Personalised antibiotic treatment strategies for tuberculosis patients

Electron microscopic image of Mycobacterium tuberculosis (left); circular phylogenetic tree depicting the relationship, origin, and individual drug resistances of 900 isolates of the Mycobacterium tuberculosis complex—a genetically related group of mycobacterial species (right).
© S. Homolka, T. Gutsmann/Borstel; CC BY 4.0/Finci, I. et al.

Tuberculosis is one of the leading causes of death worldwide, with an estimated 1.4 million deaths and ten million people infected annually. Resistant and multidrug-resistant (MDR) variants of the tuberculosis pathogen Mycobacterium tuberculosis pose a major threat to tuberculosis control and global health. Rapid detection of these patient-specific resistance patterns is therefore crucial for targeted treatment and successful control of the transmission of antibiotic-resistant tuberculosis bacteria—a goal that DZIF scientists have now taken a major step towards.

Mutations in the genome of multidrug-resistant (MDR) M. tuberculosis bacteria occur in different combinations in MDR tuberculosis patients. In an international study presented in the journal Lancet Microbe, DZIF researchers have now succeeded in identifying patient-specific resistance patterns using a bacterial genome analysis technique. The determination of these resistance patterns can serve as a basis for targeted personalised treatment of tuberculosis patients in the future.

“This large-scale study is the result of close collaboration between DZIF scientists in Borstel and Heidelberg, the global diagnostics alliance FIND, and partners in five countries where tuberculosis is highly endemic. The sequence analysis enables us to better understand the genetic basis for resistance to anti-tuberculosis drugs and therefore to provide faster, personalised anti-tuberculosis treatment,” summarises Dr Claudia Denkinger, last author of the publication.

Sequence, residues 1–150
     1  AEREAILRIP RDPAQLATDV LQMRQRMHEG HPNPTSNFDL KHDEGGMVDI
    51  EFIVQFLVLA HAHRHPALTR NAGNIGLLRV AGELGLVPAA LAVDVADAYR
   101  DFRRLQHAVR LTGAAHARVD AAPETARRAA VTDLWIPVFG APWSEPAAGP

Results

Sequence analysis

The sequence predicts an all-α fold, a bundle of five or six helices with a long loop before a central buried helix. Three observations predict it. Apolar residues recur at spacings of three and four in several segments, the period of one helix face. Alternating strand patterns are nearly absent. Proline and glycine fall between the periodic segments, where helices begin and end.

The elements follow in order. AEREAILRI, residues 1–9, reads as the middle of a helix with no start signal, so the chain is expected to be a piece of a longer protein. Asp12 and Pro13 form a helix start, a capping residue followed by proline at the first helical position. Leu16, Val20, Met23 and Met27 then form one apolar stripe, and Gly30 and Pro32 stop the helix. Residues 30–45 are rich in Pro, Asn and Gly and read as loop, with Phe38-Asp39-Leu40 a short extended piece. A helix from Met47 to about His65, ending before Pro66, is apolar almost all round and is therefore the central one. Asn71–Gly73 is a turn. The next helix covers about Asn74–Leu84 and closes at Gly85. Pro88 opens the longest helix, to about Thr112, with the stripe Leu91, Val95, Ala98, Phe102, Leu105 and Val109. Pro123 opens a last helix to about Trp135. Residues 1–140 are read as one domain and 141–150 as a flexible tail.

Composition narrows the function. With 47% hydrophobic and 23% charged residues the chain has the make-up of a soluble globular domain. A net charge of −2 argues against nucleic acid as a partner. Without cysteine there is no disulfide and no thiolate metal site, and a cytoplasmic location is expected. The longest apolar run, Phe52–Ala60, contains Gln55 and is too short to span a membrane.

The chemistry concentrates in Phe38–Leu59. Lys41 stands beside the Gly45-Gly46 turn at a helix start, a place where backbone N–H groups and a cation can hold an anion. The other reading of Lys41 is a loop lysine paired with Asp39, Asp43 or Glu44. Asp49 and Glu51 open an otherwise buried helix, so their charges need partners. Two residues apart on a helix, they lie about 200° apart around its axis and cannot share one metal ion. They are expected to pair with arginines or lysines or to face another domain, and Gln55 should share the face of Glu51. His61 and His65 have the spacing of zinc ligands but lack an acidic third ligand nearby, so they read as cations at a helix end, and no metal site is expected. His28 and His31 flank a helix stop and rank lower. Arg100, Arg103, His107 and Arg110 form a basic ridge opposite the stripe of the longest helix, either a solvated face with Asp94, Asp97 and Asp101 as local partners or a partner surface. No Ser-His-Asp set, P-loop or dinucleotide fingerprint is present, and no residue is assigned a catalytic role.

“In the comparative genome analysis, we also observed, for example, changes in the genetic makeup of the bacteria that do not always lead to unambiguous results in classical bacterial culture-based resistance testing, but may potentially influence therapy,” says Dr Matthias Merker, one of the study’s first authors and Schleswig-Holstein Excellence-Chair junior research group leader at the Research Center Borstel.

“Our study also shows that genetic analysis of the bacteria already enables precise prediction of resistance to important tuberculosis antibiotics and can replace many of the classical and often lengthy tests,” adds Prof. Stefan Niemann of the National Reference Center for Mycobacteria at Borstel, one of the study’s final authors. “In the future, we plan to further expand this bacterial genomic analysis technique specifically in tuberculosis focal points in southern Africa, Eastern Europe and Central Asia.”

The work was supported by the Bill & Melinda Gates Foundation, the German Center for Infection Research (DZIF) and the Schleswig-Holstein Cluster of Excellence “Precision Medicine for Chronic Inflammatory Diseases.”

Wissenschaftliche Ansprechpartner:

PD Dr. Claudia Denkinger
Universitätsklinikum Heidelberg
Prof. Dr. Stefan Niemann
Forschungszentrum Borstel, Leibniz Lungenzentrum
Stellv. Koordinator Tuberkulose


Investigating resistance in clinical Mycobacterium tuberculosis complex isolates with genomic and phenotypic antimicrobial susceptibility testing: a multicentre observational study, Finci I. et al., Lancet Microbe, 2022, DOI: 10.1016/S2666-5247(22)00116-1.

Weitere Informationen:… DZIF-press release

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Dr. Nicola Wittekindt Presse- und Öffentlichkeitsarbeit
Deutsches Zentrum für Infektionsforschung

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